“I just want to run away from it all!” Jenny remembered saying to herself as she drove home from work. After relaying bad news to two of her patients, a lunch break that was anything but, a pile of forms to complete, and a phone call from her son’s school saying he was in trouble—again, she had had it. As she sat through several red lights, she imagined herself arriving home to starving children, fixing a casserole, kissing the kids good night, washing the dishes, and packing her bags to the Bahamas, Spain, the hotel down the road, anywhere. So long work! I’ll miss you children! I wish you luck, my dear, sweet husband.
Jenny is like most professionals I know—women and men alike: busy, ragged, and torn in several directions. We want it all—our careers, our families, our lifestyle. Yet time is not our friend. There never seems to be enough.
But what if time were our friend
—the driving force that makes us prioritize? Inherently, we know that time is our most treasured resource. The sense that the clock is ticking away motivates us to hug our kids, rub our spouse’s shoulders, laugh with friends, and work hard.
Work hard—that’s the kicker, because we are torn between work and our other life. However, we can reduce our stress and have an abundant, joyful life if we strive for balance.
Inquire about Your Work Options.
Check with your employer to see if other options exist, such as telecommuting, job sharing, flex hours, or a compressed workweek. Even if those options don’t exist, create a proposal that lists benefits to the company. You can’t receive if you don’t ask.
As a professional executive leadership coach, I work with clients who are so driven to succeed that they often take work home with them. Don’t let your relationships, your health, and your sense of well being suffer. Leave work at work. Turn off your cell phone. Set a time for your last email check of the evening and stick with it. If that’s not possible, set boundaries you can commit to, so you can enjoy a family walk or a weekly board game. Wouldn’t you like to linger over conversation at the dinner table? Engage in tickle fights?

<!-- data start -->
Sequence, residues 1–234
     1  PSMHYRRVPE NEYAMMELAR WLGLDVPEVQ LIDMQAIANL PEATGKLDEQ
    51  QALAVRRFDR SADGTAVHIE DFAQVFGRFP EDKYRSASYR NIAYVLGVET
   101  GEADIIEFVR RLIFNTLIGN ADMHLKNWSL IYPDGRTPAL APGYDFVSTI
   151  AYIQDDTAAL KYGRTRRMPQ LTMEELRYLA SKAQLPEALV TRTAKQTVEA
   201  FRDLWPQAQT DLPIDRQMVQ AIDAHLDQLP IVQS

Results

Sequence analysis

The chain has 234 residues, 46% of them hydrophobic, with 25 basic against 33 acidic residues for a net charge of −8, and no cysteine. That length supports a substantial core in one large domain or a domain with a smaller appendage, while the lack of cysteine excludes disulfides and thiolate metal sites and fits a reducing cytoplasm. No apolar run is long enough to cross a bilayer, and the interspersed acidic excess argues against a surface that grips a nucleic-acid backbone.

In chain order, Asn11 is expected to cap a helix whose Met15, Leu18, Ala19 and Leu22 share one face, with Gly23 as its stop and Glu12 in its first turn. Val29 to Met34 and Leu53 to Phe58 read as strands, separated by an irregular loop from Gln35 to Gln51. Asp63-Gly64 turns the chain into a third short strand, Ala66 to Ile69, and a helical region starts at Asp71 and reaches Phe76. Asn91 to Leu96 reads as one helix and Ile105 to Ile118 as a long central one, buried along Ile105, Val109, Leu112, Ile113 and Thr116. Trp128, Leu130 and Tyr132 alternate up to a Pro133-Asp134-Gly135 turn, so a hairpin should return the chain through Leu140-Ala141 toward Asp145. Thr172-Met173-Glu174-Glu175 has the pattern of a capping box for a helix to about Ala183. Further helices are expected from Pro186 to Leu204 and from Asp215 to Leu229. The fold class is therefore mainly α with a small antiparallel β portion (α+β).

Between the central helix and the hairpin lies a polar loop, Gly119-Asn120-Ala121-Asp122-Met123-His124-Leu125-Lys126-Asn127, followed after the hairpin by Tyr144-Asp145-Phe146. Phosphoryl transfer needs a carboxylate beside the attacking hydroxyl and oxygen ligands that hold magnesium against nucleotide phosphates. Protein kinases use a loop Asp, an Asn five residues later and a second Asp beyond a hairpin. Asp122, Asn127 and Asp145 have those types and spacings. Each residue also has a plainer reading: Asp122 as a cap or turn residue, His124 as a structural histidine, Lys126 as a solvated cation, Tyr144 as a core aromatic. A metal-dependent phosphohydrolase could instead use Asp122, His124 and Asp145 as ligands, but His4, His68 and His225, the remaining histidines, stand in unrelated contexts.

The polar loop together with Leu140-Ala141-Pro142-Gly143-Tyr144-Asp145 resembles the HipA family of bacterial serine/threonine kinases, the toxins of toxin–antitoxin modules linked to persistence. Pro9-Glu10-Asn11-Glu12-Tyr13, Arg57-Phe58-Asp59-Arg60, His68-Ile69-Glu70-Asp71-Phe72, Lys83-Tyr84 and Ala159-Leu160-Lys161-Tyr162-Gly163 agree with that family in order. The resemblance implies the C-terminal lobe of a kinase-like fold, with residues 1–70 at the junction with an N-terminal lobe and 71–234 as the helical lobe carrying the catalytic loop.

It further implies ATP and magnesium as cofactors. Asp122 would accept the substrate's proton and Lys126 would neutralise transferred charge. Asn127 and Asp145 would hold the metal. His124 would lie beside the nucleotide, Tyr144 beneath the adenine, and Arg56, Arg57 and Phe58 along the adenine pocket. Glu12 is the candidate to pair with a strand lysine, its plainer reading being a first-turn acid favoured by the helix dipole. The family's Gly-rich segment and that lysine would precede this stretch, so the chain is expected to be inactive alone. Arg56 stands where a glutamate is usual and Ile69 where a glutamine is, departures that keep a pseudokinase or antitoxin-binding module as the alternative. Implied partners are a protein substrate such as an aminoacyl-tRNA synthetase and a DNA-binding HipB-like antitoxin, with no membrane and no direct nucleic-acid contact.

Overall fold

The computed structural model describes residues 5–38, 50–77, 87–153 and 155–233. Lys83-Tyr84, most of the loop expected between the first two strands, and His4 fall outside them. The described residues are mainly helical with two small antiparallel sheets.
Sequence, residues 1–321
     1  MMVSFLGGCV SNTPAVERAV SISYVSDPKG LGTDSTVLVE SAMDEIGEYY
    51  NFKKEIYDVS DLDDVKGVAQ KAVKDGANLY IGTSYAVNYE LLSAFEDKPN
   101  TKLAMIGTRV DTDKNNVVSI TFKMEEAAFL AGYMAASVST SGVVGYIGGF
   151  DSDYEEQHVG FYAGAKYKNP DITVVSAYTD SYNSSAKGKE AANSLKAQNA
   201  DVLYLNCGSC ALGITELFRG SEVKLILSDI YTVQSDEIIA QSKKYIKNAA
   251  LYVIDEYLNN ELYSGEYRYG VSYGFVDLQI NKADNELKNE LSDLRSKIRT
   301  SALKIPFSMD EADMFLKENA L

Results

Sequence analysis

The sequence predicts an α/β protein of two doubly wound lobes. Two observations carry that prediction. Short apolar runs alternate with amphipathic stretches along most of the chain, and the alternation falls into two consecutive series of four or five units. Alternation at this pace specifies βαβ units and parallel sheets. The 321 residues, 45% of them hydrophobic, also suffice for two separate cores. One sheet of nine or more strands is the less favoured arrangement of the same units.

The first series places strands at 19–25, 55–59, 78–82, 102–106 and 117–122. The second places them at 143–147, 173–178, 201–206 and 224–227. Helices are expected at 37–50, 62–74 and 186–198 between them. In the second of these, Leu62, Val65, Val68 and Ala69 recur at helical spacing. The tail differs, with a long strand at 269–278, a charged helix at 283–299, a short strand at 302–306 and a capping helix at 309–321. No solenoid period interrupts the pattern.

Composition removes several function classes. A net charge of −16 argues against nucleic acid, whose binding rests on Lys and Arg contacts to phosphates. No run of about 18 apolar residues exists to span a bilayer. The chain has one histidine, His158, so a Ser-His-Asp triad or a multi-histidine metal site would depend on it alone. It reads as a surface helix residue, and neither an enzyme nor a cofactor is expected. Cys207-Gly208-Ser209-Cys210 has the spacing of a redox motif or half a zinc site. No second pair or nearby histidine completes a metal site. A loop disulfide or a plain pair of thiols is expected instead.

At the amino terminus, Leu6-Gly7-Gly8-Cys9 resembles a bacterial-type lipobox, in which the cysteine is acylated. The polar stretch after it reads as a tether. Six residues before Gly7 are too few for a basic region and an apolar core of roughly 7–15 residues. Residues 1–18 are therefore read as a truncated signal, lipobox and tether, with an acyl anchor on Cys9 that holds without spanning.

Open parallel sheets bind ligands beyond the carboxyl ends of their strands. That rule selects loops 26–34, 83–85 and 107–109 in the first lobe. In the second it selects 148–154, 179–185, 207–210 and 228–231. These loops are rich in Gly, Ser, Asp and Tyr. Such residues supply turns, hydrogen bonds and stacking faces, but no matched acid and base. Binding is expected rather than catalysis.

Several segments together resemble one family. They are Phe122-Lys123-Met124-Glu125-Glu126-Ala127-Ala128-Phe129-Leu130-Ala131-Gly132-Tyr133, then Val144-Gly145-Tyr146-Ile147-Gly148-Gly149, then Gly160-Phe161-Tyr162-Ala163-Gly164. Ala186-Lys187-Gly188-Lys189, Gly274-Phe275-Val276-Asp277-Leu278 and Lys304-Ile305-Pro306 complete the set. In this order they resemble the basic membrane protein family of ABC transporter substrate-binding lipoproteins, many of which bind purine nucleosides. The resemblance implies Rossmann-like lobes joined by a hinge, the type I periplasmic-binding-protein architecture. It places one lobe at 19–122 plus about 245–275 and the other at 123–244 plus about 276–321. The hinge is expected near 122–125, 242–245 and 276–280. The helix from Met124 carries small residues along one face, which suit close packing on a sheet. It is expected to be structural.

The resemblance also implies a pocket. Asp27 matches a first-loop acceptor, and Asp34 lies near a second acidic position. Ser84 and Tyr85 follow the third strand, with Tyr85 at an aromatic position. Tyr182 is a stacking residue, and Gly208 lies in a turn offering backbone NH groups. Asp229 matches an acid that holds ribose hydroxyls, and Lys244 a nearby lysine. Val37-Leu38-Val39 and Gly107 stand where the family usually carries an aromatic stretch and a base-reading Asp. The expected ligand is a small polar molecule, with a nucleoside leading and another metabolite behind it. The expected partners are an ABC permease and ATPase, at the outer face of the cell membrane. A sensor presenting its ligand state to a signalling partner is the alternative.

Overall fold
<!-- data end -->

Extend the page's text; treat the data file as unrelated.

Make a List.
Finish this sentence: “If I achieved better work-life balance, I would….” Would you take tango lessons? Serve at a soup kitchen? Make a list of the things you would do, and then schedule them on the calendar, just as you would a doctor appointment. Do it now. Don’t wait, or life will happen. It always does.
Give It the Thirty-Day Test:
Ask yourself, “If I received the devastating news that I only had thirty days left to live, what would my life look like?” If you choose how to spend your time wisely through this lens, your sense of balance will improve. Life is about priorities. Do only what’s necessary. Step off the committee if you must. Cut back on your kids’ sports. Let others pick up the slack. Simplify and thrive.
Rest, Reflect, Rejuvenate.
Are you in desperate need of a few days off? We all are! You were never meant to be a superhero, so stop acting like one. The world will not end if you stop to enjoy the beauty around you. So let’s take our own advice and meet our need for quiet, solitude, reflection, rest, and play. We will then be healthier and better able to meet the needs of those we love and serve.
Work-life balance is no accident. So I challenge you to set aside a few hours this week to create a plan you can implement successfully. Ahhhhh. Now doesn’t that feel better already?
What about you, reader? What strategies do you employ for work-life balance? Put your comments below.
You have hit a raw nerve with many! I like your approach.
When life gets too full, I literally, shut it down. I look at the next few days, decide what can’t wait, do only that, do a quick post that I’m unplugging, and then do it. If something devastating happened to one of my children, our parents, my husband, what would be ok to wait, then I let it. Quickly, decide, and don’t second guess myself.
Thank you for sharing your perspective!
Yes, it’s all about priorities and values. I love the quote “The enemy of the best is the good.” So true! It’s not the “bad” things in our lives that keep us stuck or frantic or unfulfilled. It’s all the good things, too many of which we all have!